This just in: There's no wizard behind the curtain, and nobody's actually in charge. There's no shadowy cabal of billionaires scheming to bring about one-world government. To begin with, nobody clever enough to accumulate that much money believes that such a thing is A.) remotely possible, or B.) even desirable.

If the world seems scary and confusing, that's because it's scarier and more confusing than usual of late, although nowhere near as frightening as it was to Grandpa. Here's the opening stanza of W.H. Auden's great poem, September 1, 1939:

I sit in one of the dives
On Fifty-second Street
Uncertain and afraid
As the clever hopes expire
Of a low dishonest decade:
Waves of anger and fear
Circulate over the bright
And darkened lands of the earth,
Obsessing our private lives;
The unmentionable odour of death
Offends the September night.

Auden wrote to commemorate that terrible day Hitler and Stalin invaded Poland, triggering World War II, the most cataclysmic struggle in human history. Some 70 to 85 million people, military and civilian, died before it was over.

(The Soviet Union lost an estimated 24 million citizens. So if Russian leadership seems unduly paranoid and defensive, it's worth remembering that they do have their reasons.)

That said, the COVID pandemic's "unmentionable odour of death" appears to have driven many Americans to embrace preposterous conspiracy theories that provide simple storybook explanations for otherwise incomprehensible events.

Amid the devastating wildfires in Oregon last week, for example, the FBI needed to debunk rumors that the disaster was caused by left-wing arsonists. The agency's Portland office posted a statement on Twitter stating that "the FBI has investigated several such reports and found them to be untrue."

Finding their own operations hampered by armed crackpots eager to hunt down imaginary terrorists, one rural Oregon Sheriff's Department posted a Facebook notice: "Rumors spread just like wildfire and now our 9-1-1 dispatchers and professional staff are being overrun with requests for information and inquiries on an UNTRUE rumor that 6 Antifa members have been arrested for setting fires in DOUGLAS COUNTY, OREGON. THIS IS NOT TRUE! Unfortunately, people are spreading this rumor and it is causing problems."

Would-be vigilantes also got excited about radio transmissions about the BLM setting backfires, unaware that the initials signified the Bureau of Land Management, not Black Lives Matter.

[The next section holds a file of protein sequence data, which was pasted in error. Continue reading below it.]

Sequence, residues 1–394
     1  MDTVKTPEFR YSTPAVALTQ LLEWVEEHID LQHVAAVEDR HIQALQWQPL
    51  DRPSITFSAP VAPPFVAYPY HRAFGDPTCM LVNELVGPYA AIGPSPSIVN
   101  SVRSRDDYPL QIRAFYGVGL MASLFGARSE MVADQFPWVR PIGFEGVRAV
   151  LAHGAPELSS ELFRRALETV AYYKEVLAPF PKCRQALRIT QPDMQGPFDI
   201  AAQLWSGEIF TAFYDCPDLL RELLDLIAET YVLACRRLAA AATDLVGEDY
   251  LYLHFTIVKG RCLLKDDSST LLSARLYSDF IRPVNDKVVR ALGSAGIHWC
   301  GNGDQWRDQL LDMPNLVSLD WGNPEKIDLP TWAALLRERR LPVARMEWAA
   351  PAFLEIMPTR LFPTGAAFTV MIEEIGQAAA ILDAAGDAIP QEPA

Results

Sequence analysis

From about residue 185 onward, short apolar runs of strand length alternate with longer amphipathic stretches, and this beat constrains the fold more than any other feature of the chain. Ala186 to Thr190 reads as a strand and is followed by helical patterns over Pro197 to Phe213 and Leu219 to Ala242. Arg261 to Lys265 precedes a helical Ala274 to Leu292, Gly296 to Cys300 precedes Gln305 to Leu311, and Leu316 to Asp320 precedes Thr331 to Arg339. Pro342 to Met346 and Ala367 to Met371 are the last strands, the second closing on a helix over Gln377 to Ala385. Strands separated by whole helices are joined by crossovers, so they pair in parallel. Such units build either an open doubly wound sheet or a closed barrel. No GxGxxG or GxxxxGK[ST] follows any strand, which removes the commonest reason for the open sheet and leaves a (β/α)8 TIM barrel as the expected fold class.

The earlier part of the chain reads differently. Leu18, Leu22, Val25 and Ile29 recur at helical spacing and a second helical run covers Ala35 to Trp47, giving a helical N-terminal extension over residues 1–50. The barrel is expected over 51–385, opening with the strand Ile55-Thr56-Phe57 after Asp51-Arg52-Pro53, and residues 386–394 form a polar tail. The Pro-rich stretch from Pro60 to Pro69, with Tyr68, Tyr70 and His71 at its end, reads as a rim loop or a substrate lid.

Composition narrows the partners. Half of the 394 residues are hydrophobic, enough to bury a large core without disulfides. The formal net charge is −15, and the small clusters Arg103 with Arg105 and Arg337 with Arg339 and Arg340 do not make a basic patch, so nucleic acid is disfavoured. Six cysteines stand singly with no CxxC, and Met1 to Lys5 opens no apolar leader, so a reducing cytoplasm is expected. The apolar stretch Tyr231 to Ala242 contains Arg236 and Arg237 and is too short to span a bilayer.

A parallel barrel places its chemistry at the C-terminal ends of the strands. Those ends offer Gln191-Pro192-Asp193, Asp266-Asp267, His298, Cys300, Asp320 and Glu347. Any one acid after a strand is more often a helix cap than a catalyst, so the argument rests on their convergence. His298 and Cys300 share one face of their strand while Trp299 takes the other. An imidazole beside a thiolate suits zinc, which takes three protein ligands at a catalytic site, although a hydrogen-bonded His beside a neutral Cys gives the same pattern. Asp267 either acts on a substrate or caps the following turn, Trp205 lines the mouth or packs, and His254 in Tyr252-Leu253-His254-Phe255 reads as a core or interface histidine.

New York Times columnist Nicholas Kristof, back home in Yamhill, Oregon seeing after his mother, expressed his frustration with Boss Trump, who "rushed to send in unwanted federal agents to deal with protests and trash fires in downtown Portland, but…seems indifferent when millions of acres and thousands of homes burn across the West."

Oregonians are not alone. Elsewhere, reporters have documented a wave of barely subdued hysteria sweeping the nation regarding busloads of Antifa operatives rumored to be targeting towns from Idaho to New Jersey--invasions that have proven totally imaginary.

Trump and Attorney General William Barr have even spoken of designating ANTIFA a terrorist organization. Alas, writes Rutgers University historian Mark Bray in the Washington Post "Trump cannot designate "ANTIFA" as a terrorist organization because antifa is not an organization. Rather, it is a politics of revolutionary opposition to the far right…You cannot subpoena an idea or a movement."

Mostly an academic movement at that: graduate students and other university-affiliated types blowing off steam. If Antifa's a real threat, who are its leaders? Where's its headquarters? Who's paying those phantom arsonists?

The questions answers itself: Nobody.

Then there's QAnon, the metastasizing conspiracy theory that's grown into a full-blown cult. Initiates believe that beneath his blustering exterior Trump's actually a sort of elephantine Batman, secretly battling a "deep state" cabal of Satan-worshiping pedophiles led by Hillary Clinton and the actor Tom Hanks.

Also Oprah Winfrey, Bill Gates and a number of other Hollywood figures. Believers have predicted Clinton's impending arrest more often than my brother Tommy has forecasted the Mets winning the World Series.

Which did happen 34 years ago.

Hillary's arrest? Oh grow up.

Some dope named Jason Gelinas in Berkeley Heights, N.J. recently got outed as the "brains" behind the main QAnon website—possibly as the Prophet Q himself. His employer, Citigroup, fired him, and he's not talking to reporters.

Historians point out the QAnon is basically a reprise of the century-old Russian forgery "The Protocols of the Elders of Zion." Then it was Europe's Jews who allegedly murdered Christian children to consume their blood at Passover—the infamous "Blood Libel." Jews also secretly ran the banks, the government, and the news media. Their diabolical plan was to "mongrelize" the white race and conquer the world.

Which leads us back to 1939 and the Holocaust.

So what does Boss Trump think about this delusional nonsense? Asked about QAnon, the portly superhero said only that "I understand ... they like me very much, which I appreciate. These are people who love their country."